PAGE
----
Solution

The straight-line method uses Equation 1.1.7:

$$\text { Straight Line Depreciation }(\)=\frac{\text { Principal-Salvage Value }}{\text { Life of Unit }}$$ (Equation $$\PageIndex{7}$$)

$$=\frac{\ 1,100,000-\ 110,000}{20}=\ 50,000 / \text { year }$$

The yearly depreciation after year 1 is $50,000 per year. The sum of digits method first calculates the sum of digits as follows: (1 + 2 + 3 + 4 + 5 + 6 + 7 + 8 + 9 + 10 + 11 + 12 + 13 + 14 + 15 + 16 + 17 + 18 + 19 + 20) = 210 The factor to estimate the depreciation for year 1 uses the reverse order—the life of the facility in the numerator and the sum of digits in the denominator with year 1 having a factor of 20/210 and so on. $$\text { Year } 1 \text { Depreciation }(\)=\frac{20}{210} \times(\ 1,100,000-\ 110,000)=\ 94,285$$ $$\text { Year } 2 \text { Depreciation }(\)=\frac{19}{210} \times(\ 990,000)=\ 89,571$$ $$\text { Year } 3 \text { Depreciation }(\)=\frac{18}{210} \times(\ 990,000)=\ 84,857$$ Continue calculations for years 4 through 19 using years 17 through 2 in the numerator. . . . $$\text { Year } 20 \text { Depreciation }(\)=\frac{1}{210} \times(\ 990,000)=\ 4,714$$ Note that in both methods, the end of project asset cost is approximately equal to the salvage value given. If the data were plotted, a rapid decline in value over the first few years using the sum of digits method usually reflects the actual depreciation of many facilities. Example $$\PageIndex{9}$$ Example 9: Calculation of net present value, benefit cost ratio, payback period, and internal rate of return for a biodiesel facility Problem: An engineer can be asked to evaluate a number of projects to estimate funding requirements. Comparative economic indicators can be used to compare one project proposal to another. Common indicators are net present value (NPV), benefit cost ratio (BCR), payback period (PBP), and internal rate of return (IRR). A 1,892,500 L/yr (half a million gallon per year) biodiesel facility with an initial capital cost of$1,100,000 and 10% salvage value has the following baseline data:

Capital Cost (CC) $1,100,000 Repair & Maintenance Cost 3% of Capital Cost Biodiesel Plant Cost per million L$581,241/ML ($2,200,000/MG) Interest 7.5% Tax & Ins. 2% of CC Conv. Eff. 99% Life 20 years Labor 8 hrs/day Labor Cost$15/hr

Vegetable Oil Price

$0.13/L ($0.50/gal)

Operation

365 days/yr

One Manager

$60,000/yr Processing Cost$0.13/L ($0.50/gal) Personnel 6 full-time Selling$0.53/L ($2.00/gal) Glycerin 10% Yield Glycerin 0.18/L ($0.7/gal)

Biodiesel

1,873,575 L (495,000 gals)

Tax Credit

28%

Discount Rate

2.36%

Depreciation

Straight Line

Salvage Value

10% of initial capital cost

The data can be used to calculate some economic performance data:

• Average yearly gross income for the project with tax credit = $1,314,506 • Average yearly net income for the project with tax credit =$279,305
• Average discounted net benefits per year = $220,614 • Average discounted costs per year =$817,670
• Average discounted gross benefits = $1,038,284 Use these data to calculate NPV, BCR, PBP, and IRR. Solution 1. 1. Calculate the NPV from Equation 1.1.4, 2. $$\mathrm{NPV}=\sum_{\mathrm{n}=1}^{\mathrm{N}} \frac{\text { cash inflow }}{(1+\mathrm{i})^{\mathrm{n}}}-\text { cash outflow }$$ (Equation $$\PageIndex{4}$$) 3. or simply get the difference between the average yearly discounted benefits and the yearly average discounted costs: 4. $$\mathrm{NPV}=\ 1,038,284-\ 817,670=\ 220,614$$ 5. The NPV value is positive. Hence, the project is economically feasible. 6. 2. The BCR is the ratio between the discounted benefits and discounted costs as shown: 7. $$\mathrm{BCR}=\frac{\text { project benefits }}{\text { project costs }}$$ (Equation $$\PageIndex{5}$$) 8. $$=\frac{\ 1,0.38,284}{\ 817,670}=1.27$$ 9. The BCR is greater than 1, also showing the project is feasible. 10. 3. The PBP is the ratio of the initial capital costs and the yearly average discounted net revenue: 11. $$\text { PBP }(\text { years })=\frac{\text { project costs }}{\text { annual cash inflows }}$$ (Equation $$\PageIndex{6}$$) 12. $$=\frac{\ 1,100,000}{\ 220,614}=5 \text { year }$$ 13. 4. To calculate the internal rate of return, compare the discounted net benefits throughout the life of the project with an assumed discount factor (discount rate). Manually, this is a trial-and-error method whereby the assumed discount rate results to net benefits greater than zero (positive) and less than zero (negative). The discount rate where the net benefit is exactly equal to zero is the internal rate of return for the project. For example, when the above data is encoded in a spreadsheet and the assumed discount rate is 30%, the discounted net benefit is estimated at −$173,882, a negative value. However, when the discount rate of 20% is used, the discounted net benefit is calculated as $260,098, a positive value. Hence, the internal rate of return must be between these assumed values (that is, between 20% and 30%). By ratio and proportion (plotting these values in X-Y Cartesian coordinates, like cash flow, and comparing the smaller triangle with the larger triangle, the X being the discounted factor above 20% and Y the net benefits in$), the internal rate of return is then calculated as follows:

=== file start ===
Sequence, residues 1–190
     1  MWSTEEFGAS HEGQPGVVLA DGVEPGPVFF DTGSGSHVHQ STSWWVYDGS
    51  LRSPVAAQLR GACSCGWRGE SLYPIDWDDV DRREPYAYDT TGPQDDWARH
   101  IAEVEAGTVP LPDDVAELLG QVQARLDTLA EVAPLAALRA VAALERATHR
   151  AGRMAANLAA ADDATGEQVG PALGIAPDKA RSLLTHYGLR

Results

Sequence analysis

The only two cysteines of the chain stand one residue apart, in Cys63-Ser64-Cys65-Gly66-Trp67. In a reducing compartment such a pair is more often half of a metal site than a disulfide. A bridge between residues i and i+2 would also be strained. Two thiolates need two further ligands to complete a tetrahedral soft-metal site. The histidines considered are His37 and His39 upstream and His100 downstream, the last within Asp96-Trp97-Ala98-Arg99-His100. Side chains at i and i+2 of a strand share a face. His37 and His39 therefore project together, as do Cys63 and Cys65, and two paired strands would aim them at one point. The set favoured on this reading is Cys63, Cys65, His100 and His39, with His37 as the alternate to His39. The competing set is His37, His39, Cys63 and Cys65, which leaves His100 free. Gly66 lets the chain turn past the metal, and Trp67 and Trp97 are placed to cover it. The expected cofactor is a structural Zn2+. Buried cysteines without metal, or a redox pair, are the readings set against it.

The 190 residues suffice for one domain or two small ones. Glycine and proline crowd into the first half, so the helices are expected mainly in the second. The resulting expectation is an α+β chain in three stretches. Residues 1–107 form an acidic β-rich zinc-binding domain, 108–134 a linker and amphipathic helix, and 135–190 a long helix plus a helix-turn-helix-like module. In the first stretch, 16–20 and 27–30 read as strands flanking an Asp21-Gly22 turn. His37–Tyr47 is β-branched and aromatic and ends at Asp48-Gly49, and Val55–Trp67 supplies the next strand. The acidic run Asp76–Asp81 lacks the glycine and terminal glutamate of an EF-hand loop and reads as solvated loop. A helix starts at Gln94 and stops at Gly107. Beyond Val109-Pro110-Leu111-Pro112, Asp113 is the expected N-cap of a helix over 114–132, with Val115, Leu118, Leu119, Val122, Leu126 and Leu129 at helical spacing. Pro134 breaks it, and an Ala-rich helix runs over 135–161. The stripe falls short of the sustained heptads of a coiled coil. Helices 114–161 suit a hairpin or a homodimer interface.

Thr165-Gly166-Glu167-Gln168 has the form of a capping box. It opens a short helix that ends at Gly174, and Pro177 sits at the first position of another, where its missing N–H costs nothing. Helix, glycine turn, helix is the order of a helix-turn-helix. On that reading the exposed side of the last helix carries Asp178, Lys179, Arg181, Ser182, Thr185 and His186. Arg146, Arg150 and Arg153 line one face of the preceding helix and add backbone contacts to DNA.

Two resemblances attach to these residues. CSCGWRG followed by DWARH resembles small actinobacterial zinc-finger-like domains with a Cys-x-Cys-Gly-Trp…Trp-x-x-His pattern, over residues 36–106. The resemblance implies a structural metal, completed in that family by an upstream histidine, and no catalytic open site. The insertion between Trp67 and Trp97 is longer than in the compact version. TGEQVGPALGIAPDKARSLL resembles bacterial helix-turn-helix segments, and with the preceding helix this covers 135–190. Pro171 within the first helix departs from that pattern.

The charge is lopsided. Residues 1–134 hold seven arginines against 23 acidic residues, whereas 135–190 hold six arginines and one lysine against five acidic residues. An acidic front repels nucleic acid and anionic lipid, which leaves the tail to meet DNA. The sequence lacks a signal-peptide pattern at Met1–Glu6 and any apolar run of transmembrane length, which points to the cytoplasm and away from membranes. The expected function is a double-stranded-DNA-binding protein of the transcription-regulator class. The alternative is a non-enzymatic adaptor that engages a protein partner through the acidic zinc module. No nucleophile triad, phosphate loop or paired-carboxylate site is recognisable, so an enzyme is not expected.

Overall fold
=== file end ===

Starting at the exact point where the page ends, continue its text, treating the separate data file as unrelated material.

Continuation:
14. $$\frac{\mathrm{X}}{\ 260,098}=\frac{(30 \%-20 \%)}{(\ 260,097+\ 173,882)}$$

15. $$X=6 \%$$

16. $$\mathrm{IRR}=20 \%+6 \%=26 \%$$

17. Thus the IRR must be around 26%, a positive value and higher than the bank interest rate of 7.5%. The project is then declared economically feasible using this parameter. (Note: When calculated by spreadsheet, the IRR values will be slightly different from this manual method).